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University College opens its doors to coding camp for newcomers and refugees

University College hosted a summer coding camp for newcomers to Canada, organized by high school students. From left: Daniel Yang, William Szeto, Claire Ho and Leo Tenenbaum (photo by Geoffrey Vendeville)

While school was out for the vast majority of University of Toronto students, the university's founding college hosted a coding camp for immigrants and refugees from a half-dozen countries. 

University College opened its doors to the camp, which ran from July 9 to 27, and offered newcomers and refugees between the ages of eight and 12 a crash course in programming.

Volunteers from University of Toronto Schools taught the campers how to use programming languages Python and Scratch, a coding language made for kids by the MIT Media Lab.

Leo Tenenbaum, a University of Toronto Schools student going into Grade 10, started the camp last year as a pilot project with five Syrian kids. “It can be difficult for them [newcomers] to join into Canadian culture and make friends,” Tenenbaum says.

Although a few weeks isn't much time to master programming, the camp introduces the kids to coding so it's easier for them to hone their skills later, he adds.

The campers divide their time between the computer lab and the UC quad. The camp's faculty adviser Jennifer Nagel, a philosophy professor and Tenenbaum's mom, says the camp hosted children from the likes of Nigeria, Syria, Congo, Turkey, Somalia and El Salvador.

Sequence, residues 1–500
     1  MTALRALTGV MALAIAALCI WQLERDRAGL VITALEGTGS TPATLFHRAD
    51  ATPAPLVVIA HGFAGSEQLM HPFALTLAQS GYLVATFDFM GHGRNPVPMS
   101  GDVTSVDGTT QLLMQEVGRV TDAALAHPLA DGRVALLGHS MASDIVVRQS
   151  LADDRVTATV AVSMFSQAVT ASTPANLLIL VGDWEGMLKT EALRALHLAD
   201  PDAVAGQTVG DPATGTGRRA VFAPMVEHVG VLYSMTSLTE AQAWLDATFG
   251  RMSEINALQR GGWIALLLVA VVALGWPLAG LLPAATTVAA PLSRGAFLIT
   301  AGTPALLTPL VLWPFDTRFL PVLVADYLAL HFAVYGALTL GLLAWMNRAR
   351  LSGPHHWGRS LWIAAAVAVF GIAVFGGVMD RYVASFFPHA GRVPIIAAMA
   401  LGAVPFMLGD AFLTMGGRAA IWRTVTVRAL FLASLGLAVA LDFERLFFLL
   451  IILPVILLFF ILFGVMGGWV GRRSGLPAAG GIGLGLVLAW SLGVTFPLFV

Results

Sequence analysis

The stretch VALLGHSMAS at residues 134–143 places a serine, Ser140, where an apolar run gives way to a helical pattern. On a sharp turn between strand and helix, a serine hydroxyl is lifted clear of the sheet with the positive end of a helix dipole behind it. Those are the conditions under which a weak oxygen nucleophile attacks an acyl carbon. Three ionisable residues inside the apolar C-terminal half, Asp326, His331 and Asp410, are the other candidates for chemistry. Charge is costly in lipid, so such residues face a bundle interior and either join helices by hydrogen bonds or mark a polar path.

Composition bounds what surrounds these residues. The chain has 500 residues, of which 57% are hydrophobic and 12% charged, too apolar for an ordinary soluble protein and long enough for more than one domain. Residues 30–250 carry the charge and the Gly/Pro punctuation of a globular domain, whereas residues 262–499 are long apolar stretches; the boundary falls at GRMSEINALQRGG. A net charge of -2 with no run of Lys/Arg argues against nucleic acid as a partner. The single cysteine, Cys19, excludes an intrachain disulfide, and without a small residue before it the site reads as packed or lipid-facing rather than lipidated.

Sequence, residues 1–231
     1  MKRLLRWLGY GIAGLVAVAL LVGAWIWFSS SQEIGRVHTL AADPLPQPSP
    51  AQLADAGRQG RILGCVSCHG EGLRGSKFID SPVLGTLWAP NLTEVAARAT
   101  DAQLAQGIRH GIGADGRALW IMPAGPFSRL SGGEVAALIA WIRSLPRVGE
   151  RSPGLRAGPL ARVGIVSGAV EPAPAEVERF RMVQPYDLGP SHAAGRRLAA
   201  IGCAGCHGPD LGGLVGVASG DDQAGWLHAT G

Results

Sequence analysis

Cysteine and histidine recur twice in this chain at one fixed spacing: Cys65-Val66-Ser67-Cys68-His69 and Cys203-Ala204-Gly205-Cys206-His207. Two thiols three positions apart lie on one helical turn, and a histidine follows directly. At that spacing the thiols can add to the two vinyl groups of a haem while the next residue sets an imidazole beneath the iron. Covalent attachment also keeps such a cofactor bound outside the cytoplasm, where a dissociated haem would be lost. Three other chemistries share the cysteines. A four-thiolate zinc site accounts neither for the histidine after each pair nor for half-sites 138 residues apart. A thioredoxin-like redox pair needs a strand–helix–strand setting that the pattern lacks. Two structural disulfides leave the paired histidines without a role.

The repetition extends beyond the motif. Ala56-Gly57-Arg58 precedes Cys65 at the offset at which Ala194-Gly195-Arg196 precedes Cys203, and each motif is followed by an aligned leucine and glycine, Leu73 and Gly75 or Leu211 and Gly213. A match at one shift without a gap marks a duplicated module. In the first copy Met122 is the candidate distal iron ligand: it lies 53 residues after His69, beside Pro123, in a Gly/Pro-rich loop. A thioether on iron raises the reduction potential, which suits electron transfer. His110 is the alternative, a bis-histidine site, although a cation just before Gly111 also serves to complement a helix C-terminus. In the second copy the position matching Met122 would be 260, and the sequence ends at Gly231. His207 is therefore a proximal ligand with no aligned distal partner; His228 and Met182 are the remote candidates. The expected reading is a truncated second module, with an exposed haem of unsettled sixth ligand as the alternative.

Claire Ho, a nine-year-old camper from China, says she enjoys learning to program. “We can make games by ourselves,” she says, on a break from passing a football around with the camp volunteers.

UC Principal Donald Ainslie says the college was happy to work with the camp. “As the university's first college, founded on the premise that higher education should be open to everyone regardless of religion, UC has a long history of welcoming future students from around the world,” he says. 

UC is the sponsor of the Canadian studies program at U of T. “We have a particular interest in how the different communities that make up our country came together,” Ainslie says. Several faculty have participated in refugee sponsorship groups. 

“UC One, our special initiative for first-year students, includes a stream focused on Citizenship in the Canadian City, so we thought bringing some of the newest Torontonians to campus for a few weeks made perfect sense,” Ainslie says.